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Professor Dawn Archer Explores The Pragmatics Of Influence

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By Jacqueline Grima

Humanities in Public Festival returned this week at Manchester Metropolitan University (Manchester Met) with an inaugural lecture by Director of Research and Knowledge Exchange for Languages, Information and Communications, Professor Dawn Archer.

The lecture entitled ‘Influencing Others: An Explanation of “How it’s Done” from a (Primarily) Linguistic Perspective’ was introduced by Dr Derek Bousfield, Head of Department of Languages, Information and Communications at Manchester Met.

Speaking to Humanity Hallows, Dawn explained that her lecture was designed to explore what she refers to as ‘The Pragmatics of Influence’, or, in other words, what people want others to think when they communicate. She said,

“I’m starting from the premise that influence is generally a really good thing but will also be looking at how it can become manipulative. Influence is a very powerful thing and with great power comes great responsibility.”

Dawn began by sharing the many positive influences in her own life, such as parents, teachers and work colleagues and how she tries to be a good influence to her own children and students. However, according to Dawn, influence can also be a negative thing and can quickly turn into manipulation or even deception. She said, “There are people out there who are extremely adept at using people.”

As an example of this kind of influence, Dawn looked at Iago from Shakespeare’s Othello, a character she referred to as “the master manipulator”. In the play, Iago plants the idea in Othello’s head that the King’s wife, Desdemona, is being unfaithful, influencing him in such a way that Othello believes he has thought of the idea himself. In poisoning the King’s thoughts in this way, Iago displays what Dawn referred to as a “high level of emotional intelligence.”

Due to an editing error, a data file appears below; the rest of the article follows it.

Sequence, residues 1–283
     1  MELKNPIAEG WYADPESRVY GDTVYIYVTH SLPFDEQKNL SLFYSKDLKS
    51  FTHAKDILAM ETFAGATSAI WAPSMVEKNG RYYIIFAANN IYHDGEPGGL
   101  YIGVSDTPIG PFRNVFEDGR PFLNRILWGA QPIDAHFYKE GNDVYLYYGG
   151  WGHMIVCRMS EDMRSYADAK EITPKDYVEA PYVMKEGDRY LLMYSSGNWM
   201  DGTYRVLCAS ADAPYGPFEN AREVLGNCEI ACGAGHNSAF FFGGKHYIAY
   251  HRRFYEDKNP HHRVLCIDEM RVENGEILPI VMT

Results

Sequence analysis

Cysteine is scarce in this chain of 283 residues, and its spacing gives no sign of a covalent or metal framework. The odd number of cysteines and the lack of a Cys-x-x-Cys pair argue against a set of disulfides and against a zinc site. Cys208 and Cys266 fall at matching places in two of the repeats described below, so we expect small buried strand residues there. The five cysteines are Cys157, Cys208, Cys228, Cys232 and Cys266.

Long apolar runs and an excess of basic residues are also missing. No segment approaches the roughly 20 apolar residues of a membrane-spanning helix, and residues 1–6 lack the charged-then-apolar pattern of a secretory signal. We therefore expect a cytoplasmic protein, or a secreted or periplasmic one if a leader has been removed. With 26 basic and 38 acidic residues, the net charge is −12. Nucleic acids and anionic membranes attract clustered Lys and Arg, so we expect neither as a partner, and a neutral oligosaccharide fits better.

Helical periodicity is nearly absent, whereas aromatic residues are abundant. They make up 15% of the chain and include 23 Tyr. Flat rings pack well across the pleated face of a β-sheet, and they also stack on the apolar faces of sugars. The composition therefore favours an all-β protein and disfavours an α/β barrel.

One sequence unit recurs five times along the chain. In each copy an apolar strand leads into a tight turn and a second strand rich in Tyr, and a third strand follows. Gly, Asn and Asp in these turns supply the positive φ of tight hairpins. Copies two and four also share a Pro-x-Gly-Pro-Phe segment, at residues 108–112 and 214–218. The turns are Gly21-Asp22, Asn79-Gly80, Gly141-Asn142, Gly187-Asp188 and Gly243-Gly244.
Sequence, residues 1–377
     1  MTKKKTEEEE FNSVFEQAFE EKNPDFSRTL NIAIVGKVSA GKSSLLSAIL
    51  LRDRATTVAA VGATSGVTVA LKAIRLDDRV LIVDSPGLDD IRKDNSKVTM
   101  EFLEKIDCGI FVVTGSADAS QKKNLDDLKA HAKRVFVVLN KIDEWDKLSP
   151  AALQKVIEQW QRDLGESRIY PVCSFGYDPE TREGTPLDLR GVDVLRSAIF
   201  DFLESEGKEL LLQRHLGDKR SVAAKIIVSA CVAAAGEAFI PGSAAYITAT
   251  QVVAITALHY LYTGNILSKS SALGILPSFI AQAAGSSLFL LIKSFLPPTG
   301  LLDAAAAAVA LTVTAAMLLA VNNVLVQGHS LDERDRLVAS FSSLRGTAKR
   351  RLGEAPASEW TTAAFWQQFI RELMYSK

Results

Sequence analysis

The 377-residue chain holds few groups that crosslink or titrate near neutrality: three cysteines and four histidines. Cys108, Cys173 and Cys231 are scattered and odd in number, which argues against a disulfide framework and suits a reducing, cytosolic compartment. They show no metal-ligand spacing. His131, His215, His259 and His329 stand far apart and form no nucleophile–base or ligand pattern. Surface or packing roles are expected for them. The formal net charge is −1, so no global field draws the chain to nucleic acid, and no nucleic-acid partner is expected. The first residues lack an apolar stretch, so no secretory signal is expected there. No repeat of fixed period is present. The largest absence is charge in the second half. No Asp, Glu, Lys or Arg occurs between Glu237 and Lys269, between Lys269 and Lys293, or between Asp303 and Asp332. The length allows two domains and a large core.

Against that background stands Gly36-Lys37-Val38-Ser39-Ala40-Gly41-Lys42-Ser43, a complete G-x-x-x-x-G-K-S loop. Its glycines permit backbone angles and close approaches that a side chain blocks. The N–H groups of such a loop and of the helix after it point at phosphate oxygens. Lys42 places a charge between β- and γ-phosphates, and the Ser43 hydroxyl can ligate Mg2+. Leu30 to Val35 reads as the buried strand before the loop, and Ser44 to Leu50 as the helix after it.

“We tell lies but we leak truth.”

Dawn went on to talk about a research project that she has worked on with Director of the Emotional Intelligence Academy, Cliff Lansley, that focusses on the SCAN-R method of reading people’s body language during attempts to influence and potentially deceive.

To demonstrate, Dawn showed the audience a clip of a public appeal made on ITN News by Mick Philpott who lost six of his children in a house fire that had been started deliberately. Philpott was eventually convicted of starting the fire himself and was sentenced to a minimum of 15 years in prison. Dawn revealed “points of interest” or inconsistencies in his language and body language during the television appeal that unveiled his deception.

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Photography: Ade Hunter

According to Dawn, Philpott’s facial expressions, extensive politeness and distancing language were all inconsistent with the words he was saying and the context in which he was speaking. This is something that Dawn referred to as “impression management”, further commenting, “We tell lies but we leak truth.”

Dawn then went on to examine the work of police negotiators who are trained to influence and persuade hostage takers or potentially suicidal individuals in critical situations. They are expected to become attuned with the people they are speaking to in order to shift them towards a safer way of thinking.

As an example of how negotiation procedures can go wrong, Dawn told the audience about the case of 20-year-old American Grant Sattaur, who shot himself in 2007 after his girlfriend, Krystal, ended their relationship. Worried about Grant’s safety, Krystal called the police. Dawn demonstrated how the seemingly negative influence of the police negotiator, who called Grant “stubborn” and a “coward” and told him to “shut up”, appeared to lead the young man to tragically take his own life.

As Dawn said, “It was as though the negotiator was talking to himself.” She added, “I know how to influence people and I make it my maxim in life that if I’m going to influence I’m going to do it for the good of others as well as myself.”

The respondent to Dawn’s lecture was Professor Jonathan Culpeper from the Department of Linguistics and English Language at Lancaster University. Jonathan talked about how much he had enjoyed the lecture and discussed what he called “takeaways” or ideas regarding influence that he could take away from the event and apply in the real world.

The theme for this strand of Humanities in Public is ‘WORLD’ and the intention of this strand is to ‘examine just a few of the pressing questions that our existence in the WORLD confronts us with’. The next event, entitled The Great British Breadwinner: Shared Parental Leave 1 Year On, takes place on Wednesday 20th April.

For more information about this and other upcoming events, visit the Humanities in Public webpage.

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